Hewlett Packard (HP) recently released face tracking software that allows a webcamera to chase you around as you talk to it. The face recognition software appears to recognize lighter-skinned faces with no problem, but has trouble with darker-skinned faces.  This probably doesn’t mean that HP is anti-black people, but it does suggest that HP didn’t sufficiently test its product on all kinds of faces, which means that it didn’t value black customers very much while doing research and development.

Both Kate W. and Lucy P. sent in this video in which Wanda and Desi, humorously, demonstrate the problem in this youtube clip:

We’ve seen this kind of thing before with a Nikon camera that seemed to think that Asian people were always blinking (though there was some confusion as to whether it did that to everyone) and another version of face recognition software.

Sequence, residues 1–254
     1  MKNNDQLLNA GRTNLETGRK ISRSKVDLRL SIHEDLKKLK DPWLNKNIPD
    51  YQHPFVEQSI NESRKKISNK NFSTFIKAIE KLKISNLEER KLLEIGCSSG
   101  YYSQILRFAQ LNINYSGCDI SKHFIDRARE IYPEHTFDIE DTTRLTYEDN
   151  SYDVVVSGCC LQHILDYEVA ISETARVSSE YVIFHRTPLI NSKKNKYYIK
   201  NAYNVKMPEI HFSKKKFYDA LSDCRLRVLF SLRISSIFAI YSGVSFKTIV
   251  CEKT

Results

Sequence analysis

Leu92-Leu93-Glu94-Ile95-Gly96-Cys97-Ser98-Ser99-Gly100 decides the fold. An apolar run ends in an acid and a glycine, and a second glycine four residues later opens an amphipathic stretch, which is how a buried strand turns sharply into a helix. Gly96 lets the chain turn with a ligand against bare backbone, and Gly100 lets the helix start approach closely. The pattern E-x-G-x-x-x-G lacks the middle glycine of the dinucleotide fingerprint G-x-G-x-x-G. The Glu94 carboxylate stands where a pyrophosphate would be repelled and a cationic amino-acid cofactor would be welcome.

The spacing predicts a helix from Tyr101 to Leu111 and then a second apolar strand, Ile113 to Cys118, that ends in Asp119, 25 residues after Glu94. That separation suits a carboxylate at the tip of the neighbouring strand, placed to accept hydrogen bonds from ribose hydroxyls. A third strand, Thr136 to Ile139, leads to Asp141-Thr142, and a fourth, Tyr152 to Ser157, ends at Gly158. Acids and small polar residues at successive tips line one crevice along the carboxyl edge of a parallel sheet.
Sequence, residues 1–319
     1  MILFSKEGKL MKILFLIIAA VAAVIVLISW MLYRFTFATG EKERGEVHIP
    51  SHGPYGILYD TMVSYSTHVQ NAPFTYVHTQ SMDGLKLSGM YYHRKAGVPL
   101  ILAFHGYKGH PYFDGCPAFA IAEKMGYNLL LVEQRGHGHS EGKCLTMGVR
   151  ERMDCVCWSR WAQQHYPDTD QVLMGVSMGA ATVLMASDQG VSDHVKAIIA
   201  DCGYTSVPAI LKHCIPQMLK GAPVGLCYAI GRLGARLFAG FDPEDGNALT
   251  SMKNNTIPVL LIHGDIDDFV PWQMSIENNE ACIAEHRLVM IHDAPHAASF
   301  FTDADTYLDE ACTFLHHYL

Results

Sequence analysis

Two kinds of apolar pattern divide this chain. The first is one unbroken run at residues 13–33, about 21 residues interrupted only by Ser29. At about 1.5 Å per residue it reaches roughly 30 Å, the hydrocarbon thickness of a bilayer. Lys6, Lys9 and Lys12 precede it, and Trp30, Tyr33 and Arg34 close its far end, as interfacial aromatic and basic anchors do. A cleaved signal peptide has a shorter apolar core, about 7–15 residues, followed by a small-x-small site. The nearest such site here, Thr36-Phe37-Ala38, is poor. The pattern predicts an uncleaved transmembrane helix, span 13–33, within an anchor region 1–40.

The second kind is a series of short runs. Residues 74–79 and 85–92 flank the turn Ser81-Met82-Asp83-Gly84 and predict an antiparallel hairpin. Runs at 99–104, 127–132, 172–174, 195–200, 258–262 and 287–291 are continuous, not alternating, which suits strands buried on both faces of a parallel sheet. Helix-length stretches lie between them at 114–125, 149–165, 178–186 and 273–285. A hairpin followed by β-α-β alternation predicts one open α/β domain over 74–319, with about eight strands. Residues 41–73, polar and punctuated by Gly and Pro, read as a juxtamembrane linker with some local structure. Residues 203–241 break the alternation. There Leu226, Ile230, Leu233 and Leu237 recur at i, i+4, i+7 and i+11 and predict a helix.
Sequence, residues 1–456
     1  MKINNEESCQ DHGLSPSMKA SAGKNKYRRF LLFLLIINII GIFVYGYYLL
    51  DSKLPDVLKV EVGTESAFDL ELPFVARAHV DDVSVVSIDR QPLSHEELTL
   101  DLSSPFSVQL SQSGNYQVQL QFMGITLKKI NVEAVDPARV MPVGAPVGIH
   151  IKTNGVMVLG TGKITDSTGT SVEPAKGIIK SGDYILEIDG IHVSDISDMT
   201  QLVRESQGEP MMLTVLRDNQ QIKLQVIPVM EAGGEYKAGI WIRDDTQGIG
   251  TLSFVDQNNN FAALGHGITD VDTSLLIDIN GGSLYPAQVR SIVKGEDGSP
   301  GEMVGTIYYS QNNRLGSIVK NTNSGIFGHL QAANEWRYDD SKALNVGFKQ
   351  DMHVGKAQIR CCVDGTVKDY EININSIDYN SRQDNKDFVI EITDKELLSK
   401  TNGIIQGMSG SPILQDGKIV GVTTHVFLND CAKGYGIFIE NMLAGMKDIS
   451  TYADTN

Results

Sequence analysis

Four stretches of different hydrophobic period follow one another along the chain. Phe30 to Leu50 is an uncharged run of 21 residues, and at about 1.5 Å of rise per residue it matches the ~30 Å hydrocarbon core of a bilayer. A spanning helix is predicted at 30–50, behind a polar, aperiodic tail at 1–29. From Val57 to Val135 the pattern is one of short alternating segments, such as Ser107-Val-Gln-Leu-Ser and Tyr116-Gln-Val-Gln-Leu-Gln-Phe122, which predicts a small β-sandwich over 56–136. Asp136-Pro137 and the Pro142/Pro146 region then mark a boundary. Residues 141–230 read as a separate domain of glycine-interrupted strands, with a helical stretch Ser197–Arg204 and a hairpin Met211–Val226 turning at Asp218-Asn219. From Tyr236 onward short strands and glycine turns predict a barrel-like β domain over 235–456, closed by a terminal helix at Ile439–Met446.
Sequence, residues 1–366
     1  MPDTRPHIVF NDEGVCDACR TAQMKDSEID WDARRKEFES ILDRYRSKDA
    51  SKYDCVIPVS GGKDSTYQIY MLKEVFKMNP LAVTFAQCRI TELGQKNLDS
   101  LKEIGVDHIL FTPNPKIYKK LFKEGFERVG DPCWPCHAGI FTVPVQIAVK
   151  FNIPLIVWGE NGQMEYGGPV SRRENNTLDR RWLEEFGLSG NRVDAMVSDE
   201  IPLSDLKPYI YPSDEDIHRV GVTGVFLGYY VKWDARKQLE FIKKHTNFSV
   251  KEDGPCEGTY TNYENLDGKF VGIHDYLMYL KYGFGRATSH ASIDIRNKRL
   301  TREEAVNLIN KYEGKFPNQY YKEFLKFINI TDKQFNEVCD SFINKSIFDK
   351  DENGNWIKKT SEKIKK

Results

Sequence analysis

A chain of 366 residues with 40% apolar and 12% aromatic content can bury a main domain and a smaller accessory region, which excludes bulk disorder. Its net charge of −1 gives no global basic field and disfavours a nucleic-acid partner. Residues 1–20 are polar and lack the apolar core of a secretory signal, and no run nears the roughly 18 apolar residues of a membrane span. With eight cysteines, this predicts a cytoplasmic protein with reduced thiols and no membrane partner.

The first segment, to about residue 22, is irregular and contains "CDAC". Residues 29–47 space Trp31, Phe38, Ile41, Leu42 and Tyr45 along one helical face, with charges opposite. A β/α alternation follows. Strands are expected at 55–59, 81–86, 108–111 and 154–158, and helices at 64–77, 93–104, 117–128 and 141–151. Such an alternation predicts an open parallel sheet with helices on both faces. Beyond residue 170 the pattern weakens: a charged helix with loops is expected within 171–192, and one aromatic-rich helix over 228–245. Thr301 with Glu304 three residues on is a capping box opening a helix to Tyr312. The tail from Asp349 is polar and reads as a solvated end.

Nikon responded to complaints about the program by saying:

We are working with our partners to learn more. The technology we use is built on standard algorithms that measure the difference in intensity of contrast between the eyes and the upper cheek and nose. We believe that the camera might have difficulty “seeing” contrast in conditions where there is insufficient foreground lighting.

Which Kate said is a nice way of saying: it’s not HPs fault that “your face doesn’t have enough contrast and why don’t you turn on a light while you’re at it.”

(By the way, the fact that this video has, as of right now, almost 2 million views is a beautiful example of the democratizing power of the youtubes!!!)

Lisa Wade, PhD is an Associate Professor at Tulane University. She is the author of American Hookup, a book about college sexual culture; a textbook about gender; and a forthcoming introductory text: Terrible Magnificent Sociology. You can follow her on Twitter and Instagram.